So Sashee, and I had this really amazing conversation where we had kind of an aha moment during a during, when we were preparing for the pocket podcast, not even in the podcast, I was like to have a few few minutes, 1520 minutes with each of my guest beforehand, find out what’s important to them, make sure that I’m presenting them in a way that makes them feel like they’re presenting themselves in the best light, talk about things that are important to them. And we had kind of this moment where she was talking about her her tea, the way she manufactures her tea, the format, where it’s it’s bagless, but it dissolves instead of Ruin, you don’t Yeah, it’s really cool. And that she started experimenting with some of the flavors. And her approach was to kind of modernize Tea and make it more youthful. And what we started talking about was like, Well, where does tea culture come from a tea culture comes from Great Britain and from Asia. And both are very serious about their tea. And the culture. That’s the tea culture in the US is still predominantly that of European. And so it’s it was like this concept of like, it was colonialization tea is colonial eyes, like when you think of tea coming from India. And the history of bringing that all in having that conversation with Satoshi was a moment in time for both of us to go Oh, it’s our we’re drinking tea like they did 200 years ago, 300 years ago, 500 years ago. And some of that is great. But when you’re talking about trying to bring in a new audience, it that doesn’t stick and so she’s created this movement, as you can see here on the screen. She’s like, she’s really really bringing tea in to a modern place. And the reason why I personally believe that it’s working is she did send me some samples. I saw she was one of those people that did send me samples before the call and then since then we’ve ordered some more. And my daughter who’s 13 was all over it. She’s horrible. whole batch and and I’m a huge tea drinker. And so this is my daughter’s version of tea. And so she and I drink tea together. And now my daughter has this habit that she shares with her mom. And we’re having a bonding moment. And I’m like, like, you can see there’s a Hello Kitty option on there, which I was talking to her about when I went to nosh live a couple of weeks ago. It’s like, that’s really awesome. So I think she’s really onto something. And she’s fearless. And she’s willing to fight for it. And when it comes to the brand component, she doesn’t she’s not fussy about it. She knows what she wants, and she doesn’t mess with it. And I think that’s really important. From a branding perspective. Even if it’s wrong, you want to hang on to it, until you know that you’re going to be making the right kind of changes. And what I frequently see with some younger brands, which I would say, Tea Drops is a younger brand in the grand scheme of the world. I mean, they’ve been around for a few years. But when you think of the ones that are most established, you know, you think of like, I’ll just say I don’t some of the General Mills like Kashi Kashi as a brand, like they made a big move, and then they leave it alone for a little while. And then they make a move. Even if it’s a it doesn’t seem like a big move to the average consumer. They make another big root move, and then they sit on it for a while like thinking give it time to simmer. They give it time to do the work that they need to do. And I really feel like so she’s got that like she’s like going, I’m gonna let this simmer before I know what the next big move is. And that way she’s spending her time as an entrepreneur in running the company and not fussing with the things that don’t really need fussing with.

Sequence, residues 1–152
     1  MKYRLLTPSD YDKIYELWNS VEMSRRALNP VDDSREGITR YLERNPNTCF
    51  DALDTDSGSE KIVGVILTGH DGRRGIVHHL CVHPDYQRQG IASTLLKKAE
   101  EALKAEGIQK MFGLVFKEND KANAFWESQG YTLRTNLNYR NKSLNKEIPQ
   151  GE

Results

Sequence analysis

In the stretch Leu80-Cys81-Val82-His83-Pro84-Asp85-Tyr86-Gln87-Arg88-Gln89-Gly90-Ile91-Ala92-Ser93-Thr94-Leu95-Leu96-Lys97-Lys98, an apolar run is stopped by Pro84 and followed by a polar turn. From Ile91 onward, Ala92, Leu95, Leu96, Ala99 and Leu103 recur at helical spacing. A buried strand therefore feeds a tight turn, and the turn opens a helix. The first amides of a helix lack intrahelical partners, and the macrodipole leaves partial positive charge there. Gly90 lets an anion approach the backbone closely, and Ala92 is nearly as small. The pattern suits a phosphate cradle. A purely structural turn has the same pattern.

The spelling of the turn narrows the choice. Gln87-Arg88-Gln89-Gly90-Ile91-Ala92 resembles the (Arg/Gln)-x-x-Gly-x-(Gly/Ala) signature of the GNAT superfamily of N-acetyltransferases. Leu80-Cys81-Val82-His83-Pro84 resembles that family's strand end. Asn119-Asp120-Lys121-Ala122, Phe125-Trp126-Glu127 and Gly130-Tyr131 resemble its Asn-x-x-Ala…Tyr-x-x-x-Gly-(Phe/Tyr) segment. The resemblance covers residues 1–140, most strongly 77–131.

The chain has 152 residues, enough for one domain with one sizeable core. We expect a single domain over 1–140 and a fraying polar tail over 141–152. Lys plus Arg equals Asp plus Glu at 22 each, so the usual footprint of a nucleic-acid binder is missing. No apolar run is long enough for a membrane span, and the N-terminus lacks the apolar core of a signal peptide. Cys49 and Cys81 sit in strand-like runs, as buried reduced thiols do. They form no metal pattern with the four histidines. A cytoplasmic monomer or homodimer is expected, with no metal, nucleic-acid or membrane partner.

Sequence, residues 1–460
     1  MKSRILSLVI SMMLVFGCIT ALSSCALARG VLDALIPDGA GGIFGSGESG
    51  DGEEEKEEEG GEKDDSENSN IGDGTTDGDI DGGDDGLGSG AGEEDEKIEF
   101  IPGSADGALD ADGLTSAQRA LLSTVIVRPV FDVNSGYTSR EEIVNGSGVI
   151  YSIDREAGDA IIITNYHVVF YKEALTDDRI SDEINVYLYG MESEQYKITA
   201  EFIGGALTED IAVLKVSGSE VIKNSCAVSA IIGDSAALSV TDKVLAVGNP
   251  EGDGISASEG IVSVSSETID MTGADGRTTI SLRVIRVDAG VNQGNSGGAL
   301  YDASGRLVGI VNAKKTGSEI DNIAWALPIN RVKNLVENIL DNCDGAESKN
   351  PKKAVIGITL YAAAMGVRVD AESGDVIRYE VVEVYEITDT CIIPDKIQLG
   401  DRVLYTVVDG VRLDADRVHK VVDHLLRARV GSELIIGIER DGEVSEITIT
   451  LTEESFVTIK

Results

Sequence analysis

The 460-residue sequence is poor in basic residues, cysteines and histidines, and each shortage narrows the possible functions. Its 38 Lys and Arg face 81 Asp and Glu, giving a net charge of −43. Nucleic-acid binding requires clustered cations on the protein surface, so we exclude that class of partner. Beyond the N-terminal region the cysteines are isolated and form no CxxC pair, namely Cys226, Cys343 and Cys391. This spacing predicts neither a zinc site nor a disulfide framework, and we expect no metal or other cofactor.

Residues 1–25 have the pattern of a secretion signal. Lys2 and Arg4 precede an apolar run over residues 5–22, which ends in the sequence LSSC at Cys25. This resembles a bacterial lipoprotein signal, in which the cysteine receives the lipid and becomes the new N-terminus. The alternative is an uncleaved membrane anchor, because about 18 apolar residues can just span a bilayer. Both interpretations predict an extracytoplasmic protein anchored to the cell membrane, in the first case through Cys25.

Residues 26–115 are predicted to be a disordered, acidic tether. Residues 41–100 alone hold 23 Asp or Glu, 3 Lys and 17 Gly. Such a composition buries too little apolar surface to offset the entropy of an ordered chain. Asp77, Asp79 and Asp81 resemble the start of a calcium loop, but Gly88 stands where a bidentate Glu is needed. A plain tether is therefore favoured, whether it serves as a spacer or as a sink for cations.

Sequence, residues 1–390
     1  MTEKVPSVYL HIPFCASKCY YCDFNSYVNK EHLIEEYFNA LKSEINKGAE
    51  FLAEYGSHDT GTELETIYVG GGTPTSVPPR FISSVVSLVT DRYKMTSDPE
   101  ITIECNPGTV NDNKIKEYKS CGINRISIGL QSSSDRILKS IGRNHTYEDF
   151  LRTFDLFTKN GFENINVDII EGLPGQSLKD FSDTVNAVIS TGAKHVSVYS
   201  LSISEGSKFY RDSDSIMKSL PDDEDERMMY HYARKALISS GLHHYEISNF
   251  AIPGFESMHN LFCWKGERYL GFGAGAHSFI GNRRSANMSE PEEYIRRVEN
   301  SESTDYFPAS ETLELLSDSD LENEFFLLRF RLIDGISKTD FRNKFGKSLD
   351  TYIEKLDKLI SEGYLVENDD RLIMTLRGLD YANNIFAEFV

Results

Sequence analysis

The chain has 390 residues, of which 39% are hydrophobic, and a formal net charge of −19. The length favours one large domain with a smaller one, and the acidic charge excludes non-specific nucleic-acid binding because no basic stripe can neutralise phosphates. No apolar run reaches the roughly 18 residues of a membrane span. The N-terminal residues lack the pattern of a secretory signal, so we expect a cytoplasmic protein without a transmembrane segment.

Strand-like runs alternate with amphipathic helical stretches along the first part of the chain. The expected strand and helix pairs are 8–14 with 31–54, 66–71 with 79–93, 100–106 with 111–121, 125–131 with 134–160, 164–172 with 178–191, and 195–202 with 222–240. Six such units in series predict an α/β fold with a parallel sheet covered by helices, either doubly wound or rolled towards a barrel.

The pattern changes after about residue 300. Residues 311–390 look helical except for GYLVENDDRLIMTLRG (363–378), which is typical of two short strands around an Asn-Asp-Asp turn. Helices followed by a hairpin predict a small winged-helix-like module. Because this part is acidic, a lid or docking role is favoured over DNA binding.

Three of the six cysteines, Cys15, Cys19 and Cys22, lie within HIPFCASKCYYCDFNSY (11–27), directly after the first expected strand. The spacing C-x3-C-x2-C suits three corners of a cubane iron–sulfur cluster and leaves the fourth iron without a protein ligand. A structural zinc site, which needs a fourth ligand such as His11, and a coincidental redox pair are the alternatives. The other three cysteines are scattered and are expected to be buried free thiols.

Jeremy Weisz 11:50